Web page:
BACKGROUND: While gait speed, one-leg standing balance, and handgrip strength have been shown to be independent predictors for functional disability, it is unclear whether such simple measures of physical function contribute to improved risk prediction of functional disability in older adults. METHODS: A total of 1,591 adults aged ≥ 65 years and without functional disability at baseline were followed up for up to 7.9 years. Functional disability was identified using the database of Japan's Long-term Care Insurance System. Maximum gait speed, one-leg standing time, and handgrip strength were measured at baseline. Cox proportional hazard models were used to estimate the hazard ratios (HRs) and 95 % confidence intervals (CIs) for the association of physical function and functional disability incidence. The incremental predictive value of each physical function measure for risk prediction was quantified using the difference in overall C-statistic, category-free net reclassification improvement (NRI), and integrated discrimination improvement (IDI) index. RESULTS: During follow-up (median: 7.8 years), functional disability was identified in 384 participants. All of the physical function measures were inversely associated with the risk of functional disability, independent of potential confounding factors. The multivariable adjusted HRs (95 % CIs) for functional disability per one standard deviation increment of maximum gait speed, one-leg-standing time, and hand grip strength were 0.73 (0.65-0.83), 0.68 (0.59-0.79), and 0.72 (0.59-0.86), respectively. Incorporation of each of maximum gait speed, one-leg-stand time, and hand grip strength into a basic model with other risk factors significantly improved C-statistic from 0.770 (95 % CIs, 0.751-0.794) to 0.778 (0.759-0.803), 0.782 (0.760-0.805), and 0.775 (0.756-0.800), respectively (all p < 0.05). A model including all three measures had the highest C-statistic of 0.787 (0.765-0.810). The improvements in risk prediction were also confirmed by category-free NRI and IDI index. CONCLUSIONS: Adding any of the three measures to a basic model with other known risk factors significantly improved the prediction of functional disability and addition of all three measures provided further improvement of the prediction in older Japanese adults. These data provide robust evidence to support the practical utility of incorporating these simple physical function measures into functional disability risk prediction tools.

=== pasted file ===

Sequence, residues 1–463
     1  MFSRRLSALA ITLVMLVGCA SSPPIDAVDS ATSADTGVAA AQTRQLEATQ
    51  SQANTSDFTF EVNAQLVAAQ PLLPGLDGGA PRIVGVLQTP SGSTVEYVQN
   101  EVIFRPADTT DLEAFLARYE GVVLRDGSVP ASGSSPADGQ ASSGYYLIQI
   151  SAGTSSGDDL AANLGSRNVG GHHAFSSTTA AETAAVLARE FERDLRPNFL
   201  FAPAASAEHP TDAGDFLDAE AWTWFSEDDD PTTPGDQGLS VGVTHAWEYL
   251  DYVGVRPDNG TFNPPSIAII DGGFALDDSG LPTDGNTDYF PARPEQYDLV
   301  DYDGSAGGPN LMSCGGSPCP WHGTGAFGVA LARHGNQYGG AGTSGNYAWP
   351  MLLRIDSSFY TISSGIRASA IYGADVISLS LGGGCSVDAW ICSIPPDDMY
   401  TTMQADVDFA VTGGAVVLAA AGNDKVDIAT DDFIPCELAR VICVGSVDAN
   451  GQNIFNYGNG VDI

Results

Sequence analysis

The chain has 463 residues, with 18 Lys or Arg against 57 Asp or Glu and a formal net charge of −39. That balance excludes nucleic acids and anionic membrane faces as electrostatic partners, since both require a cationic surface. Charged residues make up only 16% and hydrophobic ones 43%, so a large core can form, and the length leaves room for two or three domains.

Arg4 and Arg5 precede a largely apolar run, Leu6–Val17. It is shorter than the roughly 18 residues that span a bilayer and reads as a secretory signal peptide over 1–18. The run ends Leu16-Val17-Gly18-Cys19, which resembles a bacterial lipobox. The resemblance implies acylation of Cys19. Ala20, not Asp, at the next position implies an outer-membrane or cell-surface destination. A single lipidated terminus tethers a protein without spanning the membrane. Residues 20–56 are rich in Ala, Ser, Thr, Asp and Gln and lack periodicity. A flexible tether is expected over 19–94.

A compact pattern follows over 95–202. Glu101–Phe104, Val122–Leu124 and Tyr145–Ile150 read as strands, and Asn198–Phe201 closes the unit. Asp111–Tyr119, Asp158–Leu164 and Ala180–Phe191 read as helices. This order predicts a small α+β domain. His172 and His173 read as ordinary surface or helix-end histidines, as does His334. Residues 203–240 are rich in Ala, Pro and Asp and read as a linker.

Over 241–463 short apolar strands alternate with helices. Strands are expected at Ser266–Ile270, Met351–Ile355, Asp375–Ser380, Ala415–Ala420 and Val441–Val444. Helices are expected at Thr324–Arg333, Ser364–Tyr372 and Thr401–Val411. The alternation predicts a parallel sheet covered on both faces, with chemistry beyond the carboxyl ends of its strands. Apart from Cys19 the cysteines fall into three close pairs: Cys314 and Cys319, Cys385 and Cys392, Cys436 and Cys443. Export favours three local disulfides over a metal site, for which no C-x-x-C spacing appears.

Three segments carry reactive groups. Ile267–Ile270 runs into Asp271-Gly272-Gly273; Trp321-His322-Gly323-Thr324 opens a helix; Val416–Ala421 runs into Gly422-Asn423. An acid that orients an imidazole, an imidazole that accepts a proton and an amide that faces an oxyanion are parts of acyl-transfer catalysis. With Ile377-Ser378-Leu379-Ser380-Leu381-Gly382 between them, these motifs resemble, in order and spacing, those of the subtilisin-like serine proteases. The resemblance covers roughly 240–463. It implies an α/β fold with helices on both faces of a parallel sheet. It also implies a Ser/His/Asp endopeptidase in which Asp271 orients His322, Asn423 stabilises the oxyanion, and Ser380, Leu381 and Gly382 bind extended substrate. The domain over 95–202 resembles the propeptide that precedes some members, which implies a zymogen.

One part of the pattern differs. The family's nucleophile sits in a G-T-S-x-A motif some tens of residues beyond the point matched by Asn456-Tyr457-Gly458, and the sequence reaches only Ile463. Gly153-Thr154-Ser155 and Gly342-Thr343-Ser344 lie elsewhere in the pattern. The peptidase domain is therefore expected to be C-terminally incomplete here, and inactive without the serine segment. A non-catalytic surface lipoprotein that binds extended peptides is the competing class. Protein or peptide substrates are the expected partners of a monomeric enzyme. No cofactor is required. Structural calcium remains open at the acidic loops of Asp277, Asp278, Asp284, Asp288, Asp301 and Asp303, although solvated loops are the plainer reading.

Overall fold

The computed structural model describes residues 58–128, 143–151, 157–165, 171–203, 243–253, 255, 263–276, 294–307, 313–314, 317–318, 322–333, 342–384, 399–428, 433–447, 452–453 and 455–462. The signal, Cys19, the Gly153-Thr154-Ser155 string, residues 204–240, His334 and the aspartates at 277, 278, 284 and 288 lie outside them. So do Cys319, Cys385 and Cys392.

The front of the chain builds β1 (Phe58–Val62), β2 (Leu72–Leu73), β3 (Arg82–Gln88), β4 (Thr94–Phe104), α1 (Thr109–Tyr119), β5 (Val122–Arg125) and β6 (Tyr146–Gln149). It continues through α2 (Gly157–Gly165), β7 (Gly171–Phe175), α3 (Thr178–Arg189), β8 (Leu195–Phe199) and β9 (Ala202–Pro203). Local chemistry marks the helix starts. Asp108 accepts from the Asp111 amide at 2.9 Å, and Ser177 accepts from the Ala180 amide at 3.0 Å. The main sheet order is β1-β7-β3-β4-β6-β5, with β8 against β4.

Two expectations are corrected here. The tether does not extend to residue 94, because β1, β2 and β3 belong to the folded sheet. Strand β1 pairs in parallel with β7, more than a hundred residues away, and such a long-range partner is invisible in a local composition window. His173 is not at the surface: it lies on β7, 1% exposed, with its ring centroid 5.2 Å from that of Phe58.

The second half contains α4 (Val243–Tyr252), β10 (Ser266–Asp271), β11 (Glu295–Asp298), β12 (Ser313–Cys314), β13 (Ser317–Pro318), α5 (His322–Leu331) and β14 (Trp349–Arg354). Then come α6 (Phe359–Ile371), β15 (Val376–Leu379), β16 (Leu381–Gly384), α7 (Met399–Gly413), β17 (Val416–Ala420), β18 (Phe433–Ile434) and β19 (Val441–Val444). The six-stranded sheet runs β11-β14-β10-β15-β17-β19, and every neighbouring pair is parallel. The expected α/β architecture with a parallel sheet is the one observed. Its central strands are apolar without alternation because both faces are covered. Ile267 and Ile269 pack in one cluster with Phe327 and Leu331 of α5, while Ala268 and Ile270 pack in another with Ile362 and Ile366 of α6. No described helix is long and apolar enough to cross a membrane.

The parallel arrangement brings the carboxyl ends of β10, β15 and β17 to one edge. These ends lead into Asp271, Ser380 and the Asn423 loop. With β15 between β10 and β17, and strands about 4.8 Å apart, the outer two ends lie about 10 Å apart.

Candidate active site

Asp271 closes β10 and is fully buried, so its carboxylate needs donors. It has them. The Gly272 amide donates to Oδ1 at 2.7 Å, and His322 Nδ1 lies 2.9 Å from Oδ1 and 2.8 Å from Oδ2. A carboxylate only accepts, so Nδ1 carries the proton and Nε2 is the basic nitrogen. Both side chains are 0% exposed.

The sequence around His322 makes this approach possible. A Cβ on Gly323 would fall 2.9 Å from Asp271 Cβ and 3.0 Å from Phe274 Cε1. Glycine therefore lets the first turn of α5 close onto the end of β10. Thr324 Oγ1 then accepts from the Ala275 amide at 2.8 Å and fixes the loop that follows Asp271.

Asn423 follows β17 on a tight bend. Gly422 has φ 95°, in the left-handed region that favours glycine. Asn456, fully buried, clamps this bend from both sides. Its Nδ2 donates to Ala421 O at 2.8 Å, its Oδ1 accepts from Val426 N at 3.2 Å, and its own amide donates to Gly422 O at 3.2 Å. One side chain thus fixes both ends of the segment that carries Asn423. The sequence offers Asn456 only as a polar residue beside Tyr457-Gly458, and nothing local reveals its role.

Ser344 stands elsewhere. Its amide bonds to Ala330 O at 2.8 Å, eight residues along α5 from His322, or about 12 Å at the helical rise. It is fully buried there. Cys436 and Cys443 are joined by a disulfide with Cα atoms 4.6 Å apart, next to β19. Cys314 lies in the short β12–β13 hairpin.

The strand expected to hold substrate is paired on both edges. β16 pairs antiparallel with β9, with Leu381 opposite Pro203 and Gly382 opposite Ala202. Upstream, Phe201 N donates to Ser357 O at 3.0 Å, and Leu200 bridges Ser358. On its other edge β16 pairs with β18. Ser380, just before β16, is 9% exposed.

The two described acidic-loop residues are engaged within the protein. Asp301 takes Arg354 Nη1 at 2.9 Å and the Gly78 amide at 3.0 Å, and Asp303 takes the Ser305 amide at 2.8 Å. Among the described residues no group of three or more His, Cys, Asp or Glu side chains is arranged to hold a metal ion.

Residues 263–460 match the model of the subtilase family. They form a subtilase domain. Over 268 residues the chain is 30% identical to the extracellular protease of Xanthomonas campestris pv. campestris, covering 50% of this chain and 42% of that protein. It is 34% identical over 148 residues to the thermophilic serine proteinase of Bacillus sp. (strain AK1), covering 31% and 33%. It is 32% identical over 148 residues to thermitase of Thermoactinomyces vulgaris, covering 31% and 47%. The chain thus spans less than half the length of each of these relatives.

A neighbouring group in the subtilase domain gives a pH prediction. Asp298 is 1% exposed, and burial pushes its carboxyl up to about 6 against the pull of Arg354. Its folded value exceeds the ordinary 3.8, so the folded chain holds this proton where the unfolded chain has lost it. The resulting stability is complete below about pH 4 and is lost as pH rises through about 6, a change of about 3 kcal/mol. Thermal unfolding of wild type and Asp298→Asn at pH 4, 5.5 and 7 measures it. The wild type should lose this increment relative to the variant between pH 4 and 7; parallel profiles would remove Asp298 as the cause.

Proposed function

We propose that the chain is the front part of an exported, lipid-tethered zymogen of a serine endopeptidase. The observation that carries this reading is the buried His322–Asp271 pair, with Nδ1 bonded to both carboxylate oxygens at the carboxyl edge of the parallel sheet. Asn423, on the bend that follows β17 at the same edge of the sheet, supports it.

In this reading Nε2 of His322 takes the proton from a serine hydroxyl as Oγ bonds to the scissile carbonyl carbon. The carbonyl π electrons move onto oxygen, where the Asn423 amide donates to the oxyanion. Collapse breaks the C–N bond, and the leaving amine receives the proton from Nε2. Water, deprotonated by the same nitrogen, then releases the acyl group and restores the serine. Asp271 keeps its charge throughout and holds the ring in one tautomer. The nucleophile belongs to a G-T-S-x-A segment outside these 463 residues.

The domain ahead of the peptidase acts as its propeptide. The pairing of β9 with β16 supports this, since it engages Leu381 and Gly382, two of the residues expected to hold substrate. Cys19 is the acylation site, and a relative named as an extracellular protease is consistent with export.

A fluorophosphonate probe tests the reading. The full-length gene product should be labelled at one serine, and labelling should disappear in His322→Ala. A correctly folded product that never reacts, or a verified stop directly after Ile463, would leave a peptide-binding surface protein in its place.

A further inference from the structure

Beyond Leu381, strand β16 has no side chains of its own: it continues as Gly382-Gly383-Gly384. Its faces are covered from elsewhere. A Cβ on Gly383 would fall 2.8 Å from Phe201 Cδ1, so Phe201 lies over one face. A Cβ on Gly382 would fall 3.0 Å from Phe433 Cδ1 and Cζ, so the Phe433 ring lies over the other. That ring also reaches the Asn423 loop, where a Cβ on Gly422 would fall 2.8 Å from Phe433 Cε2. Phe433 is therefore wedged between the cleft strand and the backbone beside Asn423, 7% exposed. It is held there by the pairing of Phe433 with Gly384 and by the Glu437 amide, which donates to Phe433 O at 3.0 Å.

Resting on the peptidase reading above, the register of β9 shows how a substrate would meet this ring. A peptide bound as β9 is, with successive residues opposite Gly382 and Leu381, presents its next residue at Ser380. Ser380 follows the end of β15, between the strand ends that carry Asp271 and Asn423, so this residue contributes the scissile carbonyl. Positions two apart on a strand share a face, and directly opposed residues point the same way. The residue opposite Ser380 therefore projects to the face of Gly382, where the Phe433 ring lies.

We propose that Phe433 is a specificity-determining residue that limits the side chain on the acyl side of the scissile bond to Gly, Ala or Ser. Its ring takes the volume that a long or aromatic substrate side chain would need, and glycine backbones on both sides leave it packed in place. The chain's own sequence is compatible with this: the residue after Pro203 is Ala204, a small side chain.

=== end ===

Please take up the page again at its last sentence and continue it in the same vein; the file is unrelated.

Assuntos
Força da Mão , Vida Independente , Idoso , Humanos , Japão/epidemiologia , Estudos Prospectivos , Velocidade de Caminhada
5.
BMC Musculoskelet Disord ; 22(1): 766, 2021 Sep 08.
Artigo em Inglês | MEDLINE | ID: mdl-34496832

RESUMO